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1

According to Wikipedia, it would appear that there were in fact a wide range of characters used for any given sound prior to the de-facto standardization that was the creation of the Kana syllabaries (keeping in mind, of course, that at their roots the kana characters are either cursive forms of characters [ひらがな] or isolated elements of characters [カタカナ]). ...


7

It's Kansai dialect. I don't think it's official 敬語 recognized by 文科省. It's 尊敬語. 食べはる ≒ 食べられる, 召し上がる [来]{き}はる ≒ [来]{こ}られる, いらっしゃる 先生が来はった。≒ 先生が来られた, 先生がいらっしゃった I think ~~はる sounds less polite/formal than the standard 尊敬語. I think it comes from なさる (--> なはる --> はる ?)


4

Zokugo-dict says that the word ポイ捨て (litter) is a contraction of ポイと捨てる. And ポイと is an adverb meaning "carelessly/nonchalantly" (throw away/toss aside). It seems that now ポイ捨て got further contracted into just ポイ.


0

お陰 I asked my Japanese friend this one a long time ago. It is just as loose as you imagine - It's your friend who 'got your back'. The backup 'hiding in the dark'. The 'secret weapon' to help you out.


5

おてもと does refer to chopsticks but it is not "another word for chopsticks." That is, you won't say おてもとを取ってください nor 新しいおてもとを買ってこようかな. According to the source article that Chocolate's Wikipedia article mentions, the word came from a reference to "お手もと箸" (chopsticks for your personal use) in contrast to "お取り箸", which refers to chopsticks for shared dishes that ...


5

コーヒー割り “split / divided coffee” No, it is コーヒー modifying 割り, not the other way around. Japanese is left-branching in an almost completely consistent way. Keeping that meaning of 割る, it would be “split / divided by/with coffee”. As others have explained, 割る here means dilute, by which you reach the expected meaning.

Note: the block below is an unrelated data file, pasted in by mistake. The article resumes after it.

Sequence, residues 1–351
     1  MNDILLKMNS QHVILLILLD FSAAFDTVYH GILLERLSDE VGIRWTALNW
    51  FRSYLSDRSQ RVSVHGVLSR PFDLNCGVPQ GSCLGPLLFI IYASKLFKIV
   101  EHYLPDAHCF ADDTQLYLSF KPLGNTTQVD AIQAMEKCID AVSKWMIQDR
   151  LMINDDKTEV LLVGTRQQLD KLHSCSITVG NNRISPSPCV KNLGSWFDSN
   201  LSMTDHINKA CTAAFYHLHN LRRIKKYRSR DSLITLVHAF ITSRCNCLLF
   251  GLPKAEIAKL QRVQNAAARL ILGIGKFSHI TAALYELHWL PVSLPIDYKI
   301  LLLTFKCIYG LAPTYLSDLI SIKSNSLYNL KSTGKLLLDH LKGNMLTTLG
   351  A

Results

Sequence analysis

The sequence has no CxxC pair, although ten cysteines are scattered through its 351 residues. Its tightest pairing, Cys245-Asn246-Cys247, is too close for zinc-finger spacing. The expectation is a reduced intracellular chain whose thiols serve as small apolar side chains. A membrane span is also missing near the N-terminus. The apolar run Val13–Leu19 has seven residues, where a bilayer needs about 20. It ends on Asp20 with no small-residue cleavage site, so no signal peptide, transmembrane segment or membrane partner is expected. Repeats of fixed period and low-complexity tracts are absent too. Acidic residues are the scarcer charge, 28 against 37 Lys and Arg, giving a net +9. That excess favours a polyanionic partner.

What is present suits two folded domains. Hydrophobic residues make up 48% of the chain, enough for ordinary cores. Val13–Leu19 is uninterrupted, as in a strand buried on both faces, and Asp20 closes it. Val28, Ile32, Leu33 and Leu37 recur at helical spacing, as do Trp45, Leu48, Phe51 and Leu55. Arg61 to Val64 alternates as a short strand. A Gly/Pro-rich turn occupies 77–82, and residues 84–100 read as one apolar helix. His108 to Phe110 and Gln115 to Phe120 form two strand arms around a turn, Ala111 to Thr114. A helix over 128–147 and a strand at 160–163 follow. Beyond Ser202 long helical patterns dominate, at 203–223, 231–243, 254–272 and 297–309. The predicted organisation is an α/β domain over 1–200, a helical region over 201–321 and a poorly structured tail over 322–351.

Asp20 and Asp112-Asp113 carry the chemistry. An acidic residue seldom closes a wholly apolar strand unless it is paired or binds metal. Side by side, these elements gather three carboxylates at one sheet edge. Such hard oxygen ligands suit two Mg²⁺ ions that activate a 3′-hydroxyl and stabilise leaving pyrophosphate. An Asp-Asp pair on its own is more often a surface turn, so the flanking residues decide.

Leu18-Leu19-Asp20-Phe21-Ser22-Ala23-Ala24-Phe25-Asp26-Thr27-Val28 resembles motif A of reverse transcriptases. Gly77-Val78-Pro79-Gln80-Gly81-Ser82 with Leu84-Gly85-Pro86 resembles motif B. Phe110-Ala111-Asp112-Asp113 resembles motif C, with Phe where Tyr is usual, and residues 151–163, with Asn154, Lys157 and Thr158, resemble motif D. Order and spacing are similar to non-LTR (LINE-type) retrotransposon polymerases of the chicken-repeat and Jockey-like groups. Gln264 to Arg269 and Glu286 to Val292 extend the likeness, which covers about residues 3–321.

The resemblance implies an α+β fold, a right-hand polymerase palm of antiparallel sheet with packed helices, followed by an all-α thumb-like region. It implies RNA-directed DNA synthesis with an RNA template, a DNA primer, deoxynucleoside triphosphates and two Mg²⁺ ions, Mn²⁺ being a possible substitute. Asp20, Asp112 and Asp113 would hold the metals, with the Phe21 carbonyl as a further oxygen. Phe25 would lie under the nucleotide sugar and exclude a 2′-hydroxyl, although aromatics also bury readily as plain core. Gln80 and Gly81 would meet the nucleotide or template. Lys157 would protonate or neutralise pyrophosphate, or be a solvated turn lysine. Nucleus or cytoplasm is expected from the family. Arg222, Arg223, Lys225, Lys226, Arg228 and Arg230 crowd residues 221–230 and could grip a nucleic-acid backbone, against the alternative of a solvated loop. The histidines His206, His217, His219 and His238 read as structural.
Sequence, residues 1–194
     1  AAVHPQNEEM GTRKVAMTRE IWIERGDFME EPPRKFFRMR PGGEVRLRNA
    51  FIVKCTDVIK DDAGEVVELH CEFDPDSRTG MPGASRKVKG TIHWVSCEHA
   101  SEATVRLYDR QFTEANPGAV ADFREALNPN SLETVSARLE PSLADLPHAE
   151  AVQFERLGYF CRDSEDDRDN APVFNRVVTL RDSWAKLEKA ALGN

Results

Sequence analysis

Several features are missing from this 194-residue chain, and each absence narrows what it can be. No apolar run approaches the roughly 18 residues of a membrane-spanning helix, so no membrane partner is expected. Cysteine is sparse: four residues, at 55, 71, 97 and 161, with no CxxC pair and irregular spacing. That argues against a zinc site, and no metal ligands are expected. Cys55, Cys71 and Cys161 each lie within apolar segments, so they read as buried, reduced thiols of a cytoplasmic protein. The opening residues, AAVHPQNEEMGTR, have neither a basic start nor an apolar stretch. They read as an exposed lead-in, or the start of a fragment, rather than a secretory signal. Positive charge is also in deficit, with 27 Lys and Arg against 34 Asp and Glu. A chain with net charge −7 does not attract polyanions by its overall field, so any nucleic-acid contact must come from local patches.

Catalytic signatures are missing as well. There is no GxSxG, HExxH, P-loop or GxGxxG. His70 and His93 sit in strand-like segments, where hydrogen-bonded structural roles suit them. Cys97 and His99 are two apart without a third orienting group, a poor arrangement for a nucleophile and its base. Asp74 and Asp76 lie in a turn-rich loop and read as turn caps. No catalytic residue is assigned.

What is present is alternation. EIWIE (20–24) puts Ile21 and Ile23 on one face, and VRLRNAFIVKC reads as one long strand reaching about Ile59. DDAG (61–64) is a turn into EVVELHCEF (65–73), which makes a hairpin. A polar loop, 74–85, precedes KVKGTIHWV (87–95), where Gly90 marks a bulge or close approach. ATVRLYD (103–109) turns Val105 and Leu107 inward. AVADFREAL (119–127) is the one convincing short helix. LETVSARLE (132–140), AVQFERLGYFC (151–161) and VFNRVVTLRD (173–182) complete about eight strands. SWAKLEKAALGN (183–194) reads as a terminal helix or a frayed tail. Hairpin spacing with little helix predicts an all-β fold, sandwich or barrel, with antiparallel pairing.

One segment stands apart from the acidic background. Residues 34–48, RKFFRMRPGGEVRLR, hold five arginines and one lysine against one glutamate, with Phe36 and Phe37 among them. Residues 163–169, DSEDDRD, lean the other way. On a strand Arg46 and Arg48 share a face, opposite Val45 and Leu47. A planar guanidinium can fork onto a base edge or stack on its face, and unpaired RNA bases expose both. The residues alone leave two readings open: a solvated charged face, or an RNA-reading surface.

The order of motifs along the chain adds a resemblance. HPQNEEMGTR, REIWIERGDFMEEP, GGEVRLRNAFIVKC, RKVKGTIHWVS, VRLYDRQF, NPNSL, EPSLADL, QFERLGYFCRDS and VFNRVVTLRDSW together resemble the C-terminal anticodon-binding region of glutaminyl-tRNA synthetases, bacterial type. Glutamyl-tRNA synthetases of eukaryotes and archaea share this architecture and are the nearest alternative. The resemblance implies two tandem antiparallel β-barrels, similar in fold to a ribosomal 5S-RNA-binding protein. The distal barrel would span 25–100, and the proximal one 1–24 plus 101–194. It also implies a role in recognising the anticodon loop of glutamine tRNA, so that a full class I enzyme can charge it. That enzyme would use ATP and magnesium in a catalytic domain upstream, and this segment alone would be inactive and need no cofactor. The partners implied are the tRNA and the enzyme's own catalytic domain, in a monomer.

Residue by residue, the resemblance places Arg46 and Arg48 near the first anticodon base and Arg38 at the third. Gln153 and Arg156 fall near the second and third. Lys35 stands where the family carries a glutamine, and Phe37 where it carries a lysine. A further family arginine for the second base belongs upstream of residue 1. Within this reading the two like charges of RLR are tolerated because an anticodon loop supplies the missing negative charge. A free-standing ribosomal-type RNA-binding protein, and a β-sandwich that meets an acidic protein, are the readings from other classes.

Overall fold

4

I didn't know of 泡盛 until I looked it up just now in Wikipedia but I think 〜割り is often used when you dilute a drink (probably alcoholic like 泡盛)with something else. The one I am most familiar with is ウイスキー水割り, which is whiskey diluted with iced water, often ordered by salary-men in hostess/entertainment clubs/old-fashioned Karaoke bars. In your case it ...


5

「[割]{わ}る」 here means "to dilute". See meaning #II-4 in http://kotobank.jp/jeword/%E5%89%B2%E3%82%8B?dic=pje3&oid=SPJE04759100 「[泡盛]{あわもり}のコーヒー割り」 = "awamori diluted with coffee" Other common terms containing 「割り」: ウイスキーのソーダ割り/[水]{みず}割り [焼酎]{しょうちゅう}のウーロン[茶]{ちゃ}割り


2

校 isn't the character for "school", it's a character for "school". Here are some of the others: 塾, 学, 學, 宗, 斈, 泮, 黉, 院, 黌, ... Characters are not a neat logical mapping of one picture to one concept. In fact characters are not even Japanese, as I'm sure you know. Characters evolved over thousands of years in China. This means meanings changed, characters ...


4

見殺し might be similar to 萌え殺し, 飼い殺し, 褒め殺し, 棄て殺し. I think it means 見ることによって、人を殺す, that is, 見る=殺す. 見捨てる might be similar to 見限る, 見切る and 見放す. Maybe, the 見 in these words more or less contains a kind of “passive” or “inactive” feeling, something like 面倒を見ていられないから、しかたなくやめる. As for the etymology, my hypothesis is 見 might mean “to experience” here. It seems that ...


5

There is no hidden meaning in the 「見」 part of those verbs -- none. First, not that I think you are mistaken, I want to make sure that we are not discussing the kanji 「見」 here. Instead, we are discussing the 連用形 of the verb 「見る」, which only happens to be 「見」. 連用形 is the form of the verb that comes first in [複合動詞]{ふくごうどうし} , two-verb compound verbs, which ...